News & Events
Assisting Students in facing Distractions
- April 20, 2018
- Posted by: Nolene
- Category: Our Blog
Often when we hear someone talking about a certain student being ‘distracted’ at school or varsity, we might assume the learner may just be an easily distracted student or suffer from an attention deficit disorder. This is not a safe assumption and too many children are being labelled “ADD” for not being focused in class. Recently, one of our highest achieving students- Amy*- proved that even the most focused of students suffer from every day distractions at school and that even she needed to put in work outside of class to be able to stay on the ball academically.
Amy* attends a reputable private school in Johannesburg. We all know private schools are known to have smaller classes than public schools, parents pay these exceptionally high school fees in the hope that their children will have more effective lessons and achieve better results than they would if they were in a bigger class in a government school. Amy* averages 85%-95% for all her subjects in grade 6, until recently when her mathematics mark started dropping down to 75%. This would not usually concern parents too much. The family asked us for advice after finding out Amy’s Afrikaans 2nd language mark had dropped from 90% to 77% in a single term too. After a discussion with all parties involved, we recommended that Amy starts working with a tutor once a week for mathematics and once per week for Afrikaans 2nd language. Amy’s school also offers extra maths lessons every week in the morning and we advised her to start attending. The mistake most parents and students tend to make, is thinking the problem will disappear ‘later’. The fact that this young lady started extra lessons in term one, means that in term 3 or 4 when everyone starts panicking about exams and final results, Amy will be relaxed and focused on her exam preparation. Having a tutor now also means that her foundation in mathematics and Afrikaans as a 2nd language will be strong in high school. The early warning signs Amy showed outside of the academic results dropping included; delaying homework for Afrikaans and Mathematics, asking for ‘help’ before she even attempted the homework- which showed she was feeling defeated. Sighing or frowning when these subjects were mentioned. Declaring these subjects as her least favourite.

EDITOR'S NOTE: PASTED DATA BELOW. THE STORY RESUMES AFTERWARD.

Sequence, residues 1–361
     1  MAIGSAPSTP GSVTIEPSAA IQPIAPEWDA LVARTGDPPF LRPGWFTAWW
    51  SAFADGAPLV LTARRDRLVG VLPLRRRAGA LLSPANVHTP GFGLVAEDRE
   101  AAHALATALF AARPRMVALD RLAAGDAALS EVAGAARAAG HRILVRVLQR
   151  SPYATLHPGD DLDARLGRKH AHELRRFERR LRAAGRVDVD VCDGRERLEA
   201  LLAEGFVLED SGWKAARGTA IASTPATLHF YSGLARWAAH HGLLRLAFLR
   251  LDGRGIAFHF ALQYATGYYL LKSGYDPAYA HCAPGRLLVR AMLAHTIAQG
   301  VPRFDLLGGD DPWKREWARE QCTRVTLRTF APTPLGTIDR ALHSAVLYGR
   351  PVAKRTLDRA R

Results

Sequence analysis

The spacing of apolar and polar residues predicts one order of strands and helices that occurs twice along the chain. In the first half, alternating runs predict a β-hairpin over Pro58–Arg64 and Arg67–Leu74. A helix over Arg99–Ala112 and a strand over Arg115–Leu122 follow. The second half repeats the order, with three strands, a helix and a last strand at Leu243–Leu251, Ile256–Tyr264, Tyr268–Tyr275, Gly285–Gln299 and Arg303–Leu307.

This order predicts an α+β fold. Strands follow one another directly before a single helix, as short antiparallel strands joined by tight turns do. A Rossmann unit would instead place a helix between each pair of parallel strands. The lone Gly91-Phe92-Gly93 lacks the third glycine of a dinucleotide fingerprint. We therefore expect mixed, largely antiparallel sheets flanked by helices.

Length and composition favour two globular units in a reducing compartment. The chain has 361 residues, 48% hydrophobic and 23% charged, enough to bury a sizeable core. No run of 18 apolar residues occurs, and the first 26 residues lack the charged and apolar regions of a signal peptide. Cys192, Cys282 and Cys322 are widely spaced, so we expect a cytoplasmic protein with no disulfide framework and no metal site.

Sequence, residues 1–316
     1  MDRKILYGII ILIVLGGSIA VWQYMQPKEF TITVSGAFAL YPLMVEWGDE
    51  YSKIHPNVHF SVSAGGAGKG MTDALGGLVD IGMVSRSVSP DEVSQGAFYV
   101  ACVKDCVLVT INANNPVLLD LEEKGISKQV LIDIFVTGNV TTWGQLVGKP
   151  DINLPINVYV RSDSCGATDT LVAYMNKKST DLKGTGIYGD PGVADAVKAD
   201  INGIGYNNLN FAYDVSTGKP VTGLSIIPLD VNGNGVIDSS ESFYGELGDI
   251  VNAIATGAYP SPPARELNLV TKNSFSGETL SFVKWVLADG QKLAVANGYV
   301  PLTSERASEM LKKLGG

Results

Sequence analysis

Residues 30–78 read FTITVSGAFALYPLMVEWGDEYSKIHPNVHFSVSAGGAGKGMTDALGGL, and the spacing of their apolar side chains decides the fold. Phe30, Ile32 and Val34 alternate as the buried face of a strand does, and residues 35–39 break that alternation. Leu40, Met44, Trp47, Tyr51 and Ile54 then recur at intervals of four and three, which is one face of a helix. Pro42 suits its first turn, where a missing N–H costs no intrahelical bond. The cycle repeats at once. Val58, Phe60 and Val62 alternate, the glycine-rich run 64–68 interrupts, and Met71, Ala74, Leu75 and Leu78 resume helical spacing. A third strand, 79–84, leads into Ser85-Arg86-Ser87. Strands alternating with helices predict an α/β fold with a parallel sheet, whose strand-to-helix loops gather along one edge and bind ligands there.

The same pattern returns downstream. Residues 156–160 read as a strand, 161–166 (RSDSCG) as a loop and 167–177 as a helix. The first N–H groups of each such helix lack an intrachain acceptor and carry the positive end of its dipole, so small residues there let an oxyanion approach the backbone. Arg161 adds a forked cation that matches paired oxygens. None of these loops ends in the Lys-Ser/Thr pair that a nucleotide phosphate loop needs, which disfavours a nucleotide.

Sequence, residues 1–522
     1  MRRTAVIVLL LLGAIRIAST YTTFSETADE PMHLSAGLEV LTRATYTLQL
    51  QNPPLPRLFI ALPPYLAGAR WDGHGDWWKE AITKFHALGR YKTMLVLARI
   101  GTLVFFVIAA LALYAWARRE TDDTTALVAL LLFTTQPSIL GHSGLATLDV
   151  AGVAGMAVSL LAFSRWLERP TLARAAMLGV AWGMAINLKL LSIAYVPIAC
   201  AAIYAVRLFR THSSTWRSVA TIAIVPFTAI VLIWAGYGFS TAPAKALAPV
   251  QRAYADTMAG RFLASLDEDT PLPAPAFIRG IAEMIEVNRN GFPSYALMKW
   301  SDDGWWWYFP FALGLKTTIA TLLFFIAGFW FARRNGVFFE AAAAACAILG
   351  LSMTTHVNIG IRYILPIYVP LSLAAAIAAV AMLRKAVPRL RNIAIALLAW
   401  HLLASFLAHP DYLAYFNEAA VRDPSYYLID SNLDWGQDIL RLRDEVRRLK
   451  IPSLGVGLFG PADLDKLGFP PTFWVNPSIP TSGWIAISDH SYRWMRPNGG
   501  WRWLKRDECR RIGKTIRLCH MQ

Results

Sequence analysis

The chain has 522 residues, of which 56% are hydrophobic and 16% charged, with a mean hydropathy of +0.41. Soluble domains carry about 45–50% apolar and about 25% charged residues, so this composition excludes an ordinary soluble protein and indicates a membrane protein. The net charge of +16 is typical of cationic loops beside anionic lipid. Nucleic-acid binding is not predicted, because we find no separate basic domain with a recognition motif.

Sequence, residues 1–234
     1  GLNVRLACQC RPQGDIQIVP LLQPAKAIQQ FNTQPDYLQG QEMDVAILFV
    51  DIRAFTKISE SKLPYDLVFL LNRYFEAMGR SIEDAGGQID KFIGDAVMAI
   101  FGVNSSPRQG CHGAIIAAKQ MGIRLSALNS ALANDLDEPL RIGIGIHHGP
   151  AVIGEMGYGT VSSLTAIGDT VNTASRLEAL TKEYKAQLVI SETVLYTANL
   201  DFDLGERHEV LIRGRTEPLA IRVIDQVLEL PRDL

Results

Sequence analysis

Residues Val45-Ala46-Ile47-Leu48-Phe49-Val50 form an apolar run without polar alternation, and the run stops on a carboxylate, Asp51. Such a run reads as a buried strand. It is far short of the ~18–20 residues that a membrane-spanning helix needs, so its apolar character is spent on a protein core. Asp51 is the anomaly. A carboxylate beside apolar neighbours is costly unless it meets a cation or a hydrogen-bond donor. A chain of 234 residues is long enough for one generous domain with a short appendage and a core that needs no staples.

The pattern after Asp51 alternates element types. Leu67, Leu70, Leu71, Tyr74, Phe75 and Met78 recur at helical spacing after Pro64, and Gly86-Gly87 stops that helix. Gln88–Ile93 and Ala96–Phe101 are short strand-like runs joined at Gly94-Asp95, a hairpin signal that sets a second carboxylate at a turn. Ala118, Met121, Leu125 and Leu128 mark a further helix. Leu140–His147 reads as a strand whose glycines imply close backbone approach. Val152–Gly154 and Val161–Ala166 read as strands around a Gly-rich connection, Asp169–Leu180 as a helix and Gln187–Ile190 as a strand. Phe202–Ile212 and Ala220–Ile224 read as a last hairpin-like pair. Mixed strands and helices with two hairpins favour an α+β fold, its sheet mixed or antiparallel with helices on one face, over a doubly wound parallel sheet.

Many parents may think that a negative reaction from a student in regards to homework is expected, but in the case of Amy*, this was a rare occurrence. Amy* is usually enthusiastic about her homework for Social sciences, English, natural sciences etc. Within a few weeks, Amy’s parents had organised a tutor from Limitless Tutor and extra lessons at school once a week. Amy is back on track with a positive attitude towards all her subjects. She will be working with her tutor and attending extra mathematics for another term or two. The big shocker in this story was WHY Amy’s marks decreased in the first place. After a few weeks of putting things in place and seeing an improvement in a few tests, Amy in a burst of frustration finally admitted that she sits with three very chatty students in her mathematics class and did not want to be a tattletale by asking the teacher to move her. Although it is the teacher’s job to ensure a classroom is quiet, this is easier said than done. Having a good relationship with students may increase the odds of them listening in the teacher’s class, so being a little less strict on the chatting in class may in fact be an advantage to some teachers. Parents could help by assisting their children in understanding the importance of class time and the negative effects of being a distraction to other learners.
Another distraction Amy faced, was that he sat too far back in class and her glasses were not strong enough. Having a child’s eyes tested annually is recommended. A lot of schools have their students’ eyes tested every year but if this is not offered at your school, please ensure this is part of an annual routine. Students are also affected and distracted by social factors at school. They might be experiencing pressure from friends in class or at break time. Competition between peers in class has a very big effect on academic results. This could be positive in regards to students studying harder for tests and exams, but achieving a mark that is less than desired could leave the child feeling defeated. A positive approach to a bad test score could make the world of difference. Assisting the student in understanding that it is not the end of the world and preparing better for the next test or exam will go a long way. If there is a test coming up, sit with the student and plan a study timetable for the next test. Leave more time for the more difficult sections. Let the student tick-off their covered sections every time they study. This will leave them feeling prepared and less distracted or anxious in the actual test. Praise them for ANY improvement and use positive affirmations.
Students face many obvious distractions that we did not discuss here, technology, tension at home etc. Having a tutor assist during the difficult times allows the student to express their individual problem areas and receive assistance before the problem gets out of hand.